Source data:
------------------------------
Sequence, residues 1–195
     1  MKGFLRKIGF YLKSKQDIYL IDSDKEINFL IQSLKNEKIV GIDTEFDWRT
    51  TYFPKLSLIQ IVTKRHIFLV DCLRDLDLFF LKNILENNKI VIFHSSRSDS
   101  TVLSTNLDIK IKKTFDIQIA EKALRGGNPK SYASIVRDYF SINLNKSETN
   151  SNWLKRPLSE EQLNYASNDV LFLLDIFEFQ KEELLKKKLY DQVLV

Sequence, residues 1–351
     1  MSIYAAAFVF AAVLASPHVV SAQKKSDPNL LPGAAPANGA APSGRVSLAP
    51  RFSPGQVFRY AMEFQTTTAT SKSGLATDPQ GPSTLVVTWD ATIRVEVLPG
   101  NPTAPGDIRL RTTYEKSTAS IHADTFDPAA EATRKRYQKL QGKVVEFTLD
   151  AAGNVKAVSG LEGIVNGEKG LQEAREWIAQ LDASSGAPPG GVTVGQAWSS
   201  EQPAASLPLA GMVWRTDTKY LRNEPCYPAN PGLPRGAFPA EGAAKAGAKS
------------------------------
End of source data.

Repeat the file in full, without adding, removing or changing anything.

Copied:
Sequence, residues 1–195
     1  MKGFLRKIGF YLKSKQDIYL IDSDKEINFL IQSLKNEKIV GIDTEFDWRT
    51  TYFPKLSLIQ IVTKRHIFLV DCLRDLDLFF LKNILENNKI VIFHSSRSDS
   101  TVLSTNLDIK IKKTFDIQIA EKALRGGNPK SYASIVRDYF SINLNKSETN
   151  SNWLKRPLSE EQLNYASNDV LFLLDIFEFQ KEELLKKKLY DQVLV

Sequence, residues 1–351
     1  MSIYAAAFVF AAVLASPHVV SAQKKSDPNL LPGAAPANGA APSGRVSLAP
    51  RFSPGQVFRY AMEFQTTTAT SKSGLATDPQ GPSTLVVTWD ATIRVEVLPG
   101  NPTAPGDIRL RTTYEKSTAS IHADTFDPAA EATRKRYQKL QGKVVEFTLD
   151  AAGNVKAVSG LEGIVNGEKG LQEAREWIAQ LDASSGAPPG GVTVGQAWSS
   201  EQPAASLPLA GMVWRTDTKY LRNEPCYPAN PGLPRGAFPA EGAAKAGAKS